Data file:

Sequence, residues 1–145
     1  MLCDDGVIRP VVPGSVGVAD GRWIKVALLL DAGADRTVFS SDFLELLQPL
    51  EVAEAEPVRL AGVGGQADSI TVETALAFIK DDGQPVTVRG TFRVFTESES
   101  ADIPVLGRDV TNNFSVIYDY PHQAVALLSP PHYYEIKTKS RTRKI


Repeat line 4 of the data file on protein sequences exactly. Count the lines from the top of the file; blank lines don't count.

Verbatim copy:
   101  ADIPVLGRDV TNNFSVIYDY PHQAVALLSP PHYYEIKTKS RTRKI